Looking for grow your own tips? These ones are between one and two thousand years old, passed on from the ancient Greeks, Romans and Persians. They were collated in 1306 by an Italian called Pietro Crescenzi in his book, the Ruralia Commoda. These tips have been translated into modern day English from Latin and Italian exclusively for Grow Like Grandad. If you’d like to know more about the background to this translation project see here.
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Watermelons and Cucumbers
Water melons and cucumbers need to share the same ground and the same months as the pumpkin. They should also be planted and harvested in the same way. However, the intervals between plant growth, fruit setting and harvest are shorter.
Once they germinate the seeds must not be over-watered as water will easily destroy them. Once planted, for the next six or ten days, check and see whether they are spoiled. You will know this by checking whether they are hard or whether they have opened. If the seeds remain soft and closed, they are not good, and they will have to be replaced with new ones. Again, after six days they must be checked and, if needed, replaced one more time.
Melons and cucumbers are helped by weeds, so they do not need hoeing and cleansing [early no-dig!]. Some people say that if you macerate the seeds [soak them in liquid] using goat’s milk or mead [honey with water] they will grow sweeter, white and tender. According to what Virgil and Martial say [ancient Roman poets] if you submerge the seeds two palms deep [one hand on top of the other] inside a small open pot of water they will also grow best [it does not say how long for – possibly over night as per the pumpkins translation]
Cucumbers and melons are cold and humid in the second degree [have anti-inflammatory medical properties] and are difficult to digest. Cucumbers are worse than watermelons for digestion and the external part of both is extremely difficult to digest. Still, their marrow generates a more perfect humor [essential bodily fluid believed vital to health]. When their substance is eaten, they do great things for those who have a hot and strong stomach and for those who get tired during summer. Yet, they are harmful to phlegmatics [idle and stubborn people] especially to their stomach and cause it some irritability. [early IBS!]
The juice of watermelons and cucumbers, is good for those with fever, and they mitigate thirst. They are not to be eaten cooked, only raw. Only pumpkins must be eaten cooked. The smaller, tenderer and greener (or whiter) cucumbers are, the better they are. They are not good when their substance becomes hard, and their colour becomes yellow. However, watermelons are better when ripe, which can be seen when they become soft and lighter.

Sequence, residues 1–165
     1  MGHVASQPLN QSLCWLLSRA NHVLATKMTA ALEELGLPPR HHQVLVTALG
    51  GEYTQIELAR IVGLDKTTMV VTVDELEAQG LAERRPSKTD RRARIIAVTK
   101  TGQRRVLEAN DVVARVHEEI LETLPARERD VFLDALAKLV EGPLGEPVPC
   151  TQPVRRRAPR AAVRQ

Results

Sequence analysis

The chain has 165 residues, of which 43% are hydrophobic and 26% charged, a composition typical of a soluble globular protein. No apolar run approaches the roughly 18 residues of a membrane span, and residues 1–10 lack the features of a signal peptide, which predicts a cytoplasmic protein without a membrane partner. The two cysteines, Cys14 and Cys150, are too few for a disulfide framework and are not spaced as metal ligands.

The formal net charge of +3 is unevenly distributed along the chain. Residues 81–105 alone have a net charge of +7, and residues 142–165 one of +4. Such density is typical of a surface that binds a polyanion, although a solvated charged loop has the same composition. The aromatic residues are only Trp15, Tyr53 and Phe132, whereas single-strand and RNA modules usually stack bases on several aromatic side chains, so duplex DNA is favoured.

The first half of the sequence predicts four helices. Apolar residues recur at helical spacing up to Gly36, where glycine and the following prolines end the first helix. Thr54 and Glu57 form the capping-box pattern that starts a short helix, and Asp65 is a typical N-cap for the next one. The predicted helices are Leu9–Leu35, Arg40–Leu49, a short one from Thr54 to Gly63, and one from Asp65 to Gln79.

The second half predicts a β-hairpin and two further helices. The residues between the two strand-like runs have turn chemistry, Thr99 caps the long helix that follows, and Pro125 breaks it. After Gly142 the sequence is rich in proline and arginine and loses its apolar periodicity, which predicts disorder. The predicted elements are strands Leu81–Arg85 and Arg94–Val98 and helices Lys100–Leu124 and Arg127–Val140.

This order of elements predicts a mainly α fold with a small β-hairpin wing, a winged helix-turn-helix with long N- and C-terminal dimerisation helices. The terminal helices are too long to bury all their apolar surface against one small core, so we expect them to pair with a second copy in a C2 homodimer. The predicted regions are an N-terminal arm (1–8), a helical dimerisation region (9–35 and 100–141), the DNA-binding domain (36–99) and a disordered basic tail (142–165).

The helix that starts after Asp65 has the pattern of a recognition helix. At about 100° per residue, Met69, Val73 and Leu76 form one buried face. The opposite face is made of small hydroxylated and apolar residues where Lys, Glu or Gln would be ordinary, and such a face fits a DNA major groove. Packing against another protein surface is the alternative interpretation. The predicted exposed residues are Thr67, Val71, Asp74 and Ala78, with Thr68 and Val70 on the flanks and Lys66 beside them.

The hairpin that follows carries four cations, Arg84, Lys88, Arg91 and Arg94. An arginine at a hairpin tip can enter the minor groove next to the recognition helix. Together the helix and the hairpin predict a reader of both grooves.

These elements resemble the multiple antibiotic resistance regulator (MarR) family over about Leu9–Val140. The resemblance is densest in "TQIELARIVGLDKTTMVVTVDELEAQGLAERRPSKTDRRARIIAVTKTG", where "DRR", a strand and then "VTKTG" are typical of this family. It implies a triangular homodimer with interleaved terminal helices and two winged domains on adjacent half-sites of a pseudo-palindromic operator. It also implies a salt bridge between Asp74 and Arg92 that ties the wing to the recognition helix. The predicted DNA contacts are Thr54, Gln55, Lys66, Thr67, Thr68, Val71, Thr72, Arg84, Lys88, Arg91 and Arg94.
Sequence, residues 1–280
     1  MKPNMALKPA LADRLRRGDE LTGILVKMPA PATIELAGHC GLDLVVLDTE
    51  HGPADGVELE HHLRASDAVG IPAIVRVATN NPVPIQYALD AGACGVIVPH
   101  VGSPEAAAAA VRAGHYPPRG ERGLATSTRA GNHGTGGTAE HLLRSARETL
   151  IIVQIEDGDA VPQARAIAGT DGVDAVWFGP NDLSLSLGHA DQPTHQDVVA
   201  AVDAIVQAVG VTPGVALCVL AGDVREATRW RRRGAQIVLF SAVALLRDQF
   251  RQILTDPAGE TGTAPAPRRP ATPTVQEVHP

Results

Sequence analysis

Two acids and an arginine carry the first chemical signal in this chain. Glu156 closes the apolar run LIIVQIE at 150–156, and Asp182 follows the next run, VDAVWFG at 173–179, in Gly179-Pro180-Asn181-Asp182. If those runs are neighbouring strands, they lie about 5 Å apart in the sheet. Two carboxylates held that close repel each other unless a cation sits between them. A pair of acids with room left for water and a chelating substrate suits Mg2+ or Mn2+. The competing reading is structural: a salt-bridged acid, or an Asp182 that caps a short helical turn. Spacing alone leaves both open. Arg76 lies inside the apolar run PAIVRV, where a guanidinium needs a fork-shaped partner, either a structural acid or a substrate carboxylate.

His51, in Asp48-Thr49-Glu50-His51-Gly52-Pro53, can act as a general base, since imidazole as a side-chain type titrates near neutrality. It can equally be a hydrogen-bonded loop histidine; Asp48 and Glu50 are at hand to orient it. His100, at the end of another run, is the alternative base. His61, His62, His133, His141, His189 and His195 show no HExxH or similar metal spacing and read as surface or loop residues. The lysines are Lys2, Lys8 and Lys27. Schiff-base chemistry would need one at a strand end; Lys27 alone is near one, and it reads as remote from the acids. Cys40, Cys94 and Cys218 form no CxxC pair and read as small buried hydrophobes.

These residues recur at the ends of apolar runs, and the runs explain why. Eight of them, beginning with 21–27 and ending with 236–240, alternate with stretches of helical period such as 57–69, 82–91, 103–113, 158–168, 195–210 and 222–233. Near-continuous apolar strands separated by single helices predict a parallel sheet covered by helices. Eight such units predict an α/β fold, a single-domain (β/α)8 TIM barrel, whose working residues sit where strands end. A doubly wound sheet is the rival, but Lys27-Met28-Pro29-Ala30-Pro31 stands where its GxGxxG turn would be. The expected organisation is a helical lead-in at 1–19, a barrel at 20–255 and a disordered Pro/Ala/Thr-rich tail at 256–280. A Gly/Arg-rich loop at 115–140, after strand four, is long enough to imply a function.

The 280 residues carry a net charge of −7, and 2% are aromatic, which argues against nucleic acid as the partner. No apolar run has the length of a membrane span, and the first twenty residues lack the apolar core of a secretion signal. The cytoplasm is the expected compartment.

Armenian Cucumbers are thin, green and very long, and almost all twisted, and we call these melangoli: these are eaten unripe, like cucumbers, and have the same flavour: but are less cold and are more digestible, this is why they say that they are better than cucumbers. [I’ve ordered some of these from rareseeds.com to test out – obviously they weren’t originally called ‘Armenian’ Cucumbers but that is their name today]
Melons desire earth and weather similar to cucumbers and watermelons, but less well fertilised, so that they can become more flavourful and hard, and can ripen sooner [logically too much fertiliser / nitrogen would make a much bigger plant that spends too long growing and not enough time fruiting]. They must be planted in the same way and that same period as cucumbers and watermelons. Once born [germinated] they shall not be watered.
Some are big, and are eaten ripe, that is to say when they become yellow and start to have an odour. The Greek ones, which have very small seeds, are the best in all the generations of melons.
Melons are cold and humid in the second degree [again have anti-inflammatory medical properties], and the sweet ones are moderately cold. Avicenna [a Persian mathematican] says that its root induces vomit in the same way that has been said of the root of cucumbers and watermelons.
Indigestion and Ancient Irritable Bowel Syndrome…
It is better that those who want to use Melons do not eat any food before consuming them, so that they do not cause nausea. Isaac [son of Abraham] says that, once eaten, one should wait until they are digested before having other food. [We know today that melon is a fast digesting food, it is advisable NOT to have it as a starter immediately prior to foods like meat which take longer to break down in the stomach lest they exit partially digested and cause stomach ache.]
Avicenna also says that the melon is best digested last as a dessert and its nourishment and its humor are better than that of cucumbers and watermelons. However, when the melon rots inside the stomach, it becomes poisonous. It is therefore good that when your stomach is heavy you let it out at the earliest opportunity. [!]
Amongst those things that give help after eating them there is, for choleric types, oxysaccharum [a mixture of vinegar and sugar] fennel and resin. Yet idle people take oxymel [a mixture of honey and vinegar], ginger or cumin and drink pure wine. Melon seeds also help to create urine and cleanse the kidneys and the bladder from sand and stone.
That concludes this translation of Latin and old Italian text from the Ruralia Commoda. Stay tuned for the forthcoming herb and vegetable translations over the coming days and keep an eye on #MedievalGrowYourOwn on Twitter.